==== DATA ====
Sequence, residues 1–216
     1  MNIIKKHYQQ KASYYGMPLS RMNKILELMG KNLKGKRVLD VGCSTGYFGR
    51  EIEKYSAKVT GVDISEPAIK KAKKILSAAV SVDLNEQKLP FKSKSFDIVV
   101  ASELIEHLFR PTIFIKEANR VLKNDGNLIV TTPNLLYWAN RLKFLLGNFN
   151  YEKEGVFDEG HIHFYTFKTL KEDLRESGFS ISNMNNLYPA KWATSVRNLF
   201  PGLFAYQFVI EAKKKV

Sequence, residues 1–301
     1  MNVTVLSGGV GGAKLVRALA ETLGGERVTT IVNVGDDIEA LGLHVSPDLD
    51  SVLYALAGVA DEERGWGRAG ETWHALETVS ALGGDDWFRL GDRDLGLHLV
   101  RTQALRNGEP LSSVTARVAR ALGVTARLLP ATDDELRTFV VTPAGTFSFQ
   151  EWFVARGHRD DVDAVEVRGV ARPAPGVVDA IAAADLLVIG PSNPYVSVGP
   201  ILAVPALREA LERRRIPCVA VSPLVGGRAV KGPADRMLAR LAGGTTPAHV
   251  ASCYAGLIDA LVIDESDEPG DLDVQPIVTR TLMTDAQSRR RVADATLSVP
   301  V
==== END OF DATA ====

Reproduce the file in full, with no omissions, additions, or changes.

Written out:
Sequence, residues 1–216
     1  MNIIKKHYQQ KASYYGMPLS RMNKILELMG KNLKGKRVLD VGCSTGYFGR
    51  EIEKYSAKVT GVDISEPAIK KAKKILSAAV SVDLNEQKLP FKSKSFDIVV
   101  ASELIEHLFR PTIFIKEANR VLKNDGNLIV TTPNLLYWAN RLKFLLGNFN
   151  YEKEGVFDEG HIHFYTFKTL KEDLRESGFS ISNMNNLYPA KWATSVRNLF
   201  PGLFAYQFVI EAKKKV

Sequence, residues 1–301
     1  MNVTVLSGGV GGAKLVRALA ETLGGERVTT IVNVGDDIEA LGLHVSPDLD
    51  SVLYALAGVA DEERGWGRAG ETWHALETVS ALGGDDWFRL GDRDLGLHLV
   101  RTQALRNGEP LSSVTARVAR ALGVTARLLP ATDDELRTFV VTPAGTFSFQ
   151  EWFVARGHRD DVDAVEVRGV ARPAPGVVDA IAAADLLVIG PSNPYVSVGP
   201  ILAVPALREA LERRRIPCVA VSPLVGGRAV KGPADRMLAR LAGGTTPAHV
   251  ASCYAGLIDA LVIDESDEPG DLDVQPIVTR TLMTDAQSRR RVADATLSVP
   301  V